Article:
A Public Comment to the General Plan Advisory Committee By Judith Kaluzny
I ask that you remove the reference to a Business Improvement District from your draft of a general plan. I understand the mention is to “encourage” a business improvement district. A business improvement district is a tax on businesses, collected as a property tax by the county tax assessor, in a defined area. It can be based on property ownership–and the owners pass the costs along to their tenants; or on individual businesses in the district.
This is found in the codes of the State of California in the Streets and Highways code. Thing is, a city can assist a BID ONLY AFTER the business people on their own form a group, plan the boundaries, get a petition signed to ask for having a BID. A BID is NOT for paying for regular maintenance of an area, but for improvements. An executive director will be hired, and a board of directors elected–another level of government and taxation for your small downtown businesses in this case.
The redevelopment department, inappropriately, has already tried that for $3,000 paid to a consultant and a balance in the accounts for another $27,000 for that consultant. Four meetings were held; I attended all, as did Cameron Irons and Mr. Terranova. Only at the last meeting did about five other business owners attend. And I had handed out many fliers to alert downtown businesses.
A year or two before that, Cameron Irons sent out a survey to downtown property owners regarding a BID. He gave me copies of the 12 or 14 replies. All were against it, but two said, if you are going to have it, we will participate.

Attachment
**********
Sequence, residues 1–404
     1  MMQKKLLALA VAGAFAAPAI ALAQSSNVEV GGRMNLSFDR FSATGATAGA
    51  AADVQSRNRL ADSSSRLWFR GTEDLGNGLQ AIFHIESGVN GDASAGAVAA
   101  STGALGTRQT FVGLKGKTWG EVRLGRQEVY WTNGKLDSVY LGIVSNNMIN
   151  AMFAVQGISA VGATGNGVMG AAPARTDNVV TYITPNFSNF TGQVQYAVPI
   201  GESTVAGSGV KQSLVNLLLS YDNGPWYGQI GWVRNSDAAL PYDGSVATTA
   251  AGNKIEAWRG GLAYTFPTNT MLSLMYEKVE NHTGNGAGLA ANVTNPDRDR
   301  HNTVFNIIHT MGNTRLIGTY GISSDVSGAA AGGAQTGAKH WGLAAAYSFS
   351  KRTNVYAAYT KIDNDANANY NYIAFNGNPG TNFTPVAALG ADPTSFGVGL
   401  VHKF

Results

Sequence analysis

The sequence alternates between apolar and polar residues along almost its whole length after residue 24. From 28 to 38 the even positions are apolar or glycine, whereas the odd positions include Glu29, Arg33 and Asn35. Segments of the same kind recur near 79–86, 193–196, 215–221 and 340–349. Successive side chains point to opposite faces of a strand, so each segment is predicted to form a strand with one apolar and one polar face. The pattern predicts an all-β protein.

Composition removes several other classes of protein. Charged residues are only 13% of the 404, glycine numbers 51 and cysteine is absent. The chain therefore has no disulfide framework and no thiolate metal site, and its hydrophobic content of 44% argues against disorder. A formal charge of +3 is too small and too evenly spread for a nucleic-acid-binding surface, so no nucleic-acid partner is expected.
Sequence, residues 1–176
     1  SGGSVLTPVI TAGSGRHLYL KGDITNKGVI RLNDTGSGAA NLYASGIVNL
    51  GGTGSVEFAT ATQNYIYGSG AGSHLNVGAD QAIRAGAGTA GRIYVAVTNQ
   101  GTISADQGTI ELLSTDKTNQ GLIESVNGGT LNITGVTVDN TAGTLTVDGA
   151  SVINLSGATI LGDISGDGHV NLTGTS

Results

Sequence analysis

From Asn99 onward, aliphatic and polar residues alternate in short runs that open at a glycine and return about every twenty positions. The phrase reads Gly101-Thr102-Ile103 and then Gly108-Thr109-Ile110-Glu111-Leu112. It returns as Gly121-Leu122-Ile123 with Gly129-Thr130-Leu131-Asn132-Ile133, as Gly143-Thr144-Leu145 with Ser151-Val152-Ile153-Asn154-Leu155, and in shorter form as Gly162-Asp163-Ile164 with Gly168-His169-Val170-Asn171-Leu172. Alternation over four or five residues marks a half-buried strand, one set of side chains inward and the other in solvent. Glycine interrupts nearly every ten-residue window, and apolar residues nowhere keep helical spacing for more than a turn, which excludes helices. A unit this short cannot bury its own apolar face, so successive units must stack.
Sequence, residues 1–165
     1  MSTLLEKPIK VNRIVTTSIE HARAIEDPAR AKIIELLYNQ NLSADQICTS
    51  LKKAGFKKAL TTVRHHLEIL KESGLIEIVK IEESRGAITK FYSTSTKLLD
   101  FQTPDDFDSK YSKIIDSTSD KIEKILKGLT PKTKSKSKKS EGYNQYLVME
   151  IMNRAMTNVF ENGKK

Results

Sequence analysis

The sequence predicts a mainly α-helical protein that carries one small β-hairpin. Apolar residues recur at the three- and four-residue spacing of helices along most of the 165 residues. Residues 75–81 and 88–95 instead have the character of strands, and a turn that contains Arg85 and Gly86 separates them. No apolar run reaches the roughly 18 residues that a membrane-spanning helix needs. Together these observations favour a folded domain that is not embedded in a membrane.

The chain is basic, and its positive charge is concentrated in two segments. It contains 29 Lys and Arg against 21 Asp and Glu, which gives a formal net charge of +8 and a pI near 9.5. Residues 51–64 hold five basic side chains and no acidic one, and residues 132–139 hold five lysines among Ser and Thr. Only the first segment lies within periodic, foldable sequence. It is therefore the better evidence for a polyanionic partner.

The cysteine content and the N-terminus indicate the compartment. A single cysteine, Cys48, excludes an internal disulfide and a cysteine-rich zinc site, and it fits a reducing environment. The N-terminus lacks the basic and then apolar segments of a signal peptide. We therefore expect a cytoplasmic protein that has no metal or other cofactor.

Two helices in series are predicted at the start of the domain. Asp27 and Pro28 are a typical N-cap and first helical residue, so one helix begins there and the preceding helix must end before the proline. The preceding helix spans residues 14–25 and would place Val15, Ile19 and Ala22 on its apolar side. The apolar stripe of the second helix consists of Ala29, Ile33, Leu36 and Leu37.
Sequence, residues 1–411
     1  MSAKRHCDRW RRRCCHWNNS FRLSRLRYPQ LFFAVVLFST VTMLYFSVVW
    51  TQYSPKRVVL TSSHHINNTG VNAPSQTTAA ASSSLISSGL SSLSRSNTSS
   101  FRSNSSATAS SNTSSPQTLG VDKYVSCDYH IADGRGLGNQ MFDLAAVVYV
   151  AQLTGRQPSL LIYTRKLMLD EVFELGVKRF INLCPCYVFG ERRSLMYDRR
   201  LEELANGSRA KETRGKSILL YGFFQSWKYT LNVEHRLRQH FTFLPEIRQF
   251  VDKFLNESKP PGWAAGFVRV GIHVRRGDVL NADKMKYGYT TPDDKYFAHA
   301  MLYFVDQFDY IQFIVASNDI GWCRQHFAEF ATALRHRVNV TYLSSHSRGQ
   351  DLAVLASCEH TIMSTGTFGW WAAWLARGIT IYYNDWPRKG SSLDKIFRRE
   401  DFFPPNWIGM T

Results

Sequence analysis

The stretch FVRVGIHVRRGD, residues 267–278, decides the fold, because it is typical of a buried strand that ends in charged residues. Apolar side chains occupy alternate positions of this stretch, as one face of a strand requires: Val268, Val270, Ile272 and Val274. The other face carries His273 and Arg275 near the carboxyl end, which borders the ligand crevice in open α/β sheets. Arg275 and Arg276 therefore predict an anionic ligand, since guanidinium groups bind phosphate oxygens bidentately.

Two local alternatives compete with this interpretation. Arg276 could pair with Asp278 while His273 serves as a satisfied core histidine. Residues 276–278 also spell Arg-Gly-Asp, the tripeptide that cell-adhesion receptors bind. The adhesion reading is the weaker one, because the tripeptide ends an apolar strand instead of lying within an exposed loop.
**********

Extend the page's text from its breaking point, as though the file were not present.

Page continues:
The Nicole Coats had a meeting or two to gin up support for a BID. The two people (me and Henry Jones) who indicated willingness to participate were not invited. Those meeting with Nicole Coats–Cameron Irons, Terranova, Theresa Harvey, and two or three more chose the consultant. Paul Dunlap said he was invited, but declined to participate.
The idea of a BID for downtown arose when Councilmember Quirk asked if there wasn’t some way to get money for paying for the costs of maintaining downtown. Redevelopment Director Zur Schmeide told her that a business improvement district might be a way.
When the consultant was hired, I talked to both the city manager and Councilmember Quirk. Mr Meyer said, “we have an eight block area that is costing us over million and a half dollars a year. We have to do something.” Councilmember Quirk also spoke of a BID paying for the excess costs of maintaining the restaurant overlay district.
This is not the appropriate use or purpose of a BID! And it is by law supposed to arise from the grass roots business people, not top down from the city to get tax money for maintenance.
What I see happening is that if a BID were established for downtown, the only people who would have time or interest to serve on the board of directors will be restaurant/bar owners. Then they will vote to spend the taxes raised for maintenance so the city will not be so burdened by the bar district. (Which burden the city council created by abolishing CUPs for restaurants downtown.)
The Downtown Fullerton Restaurant Association is a non profit listed as c/o Cameron Irons, 118 North State College Boulevard, same address as Vanguard Investment Properties.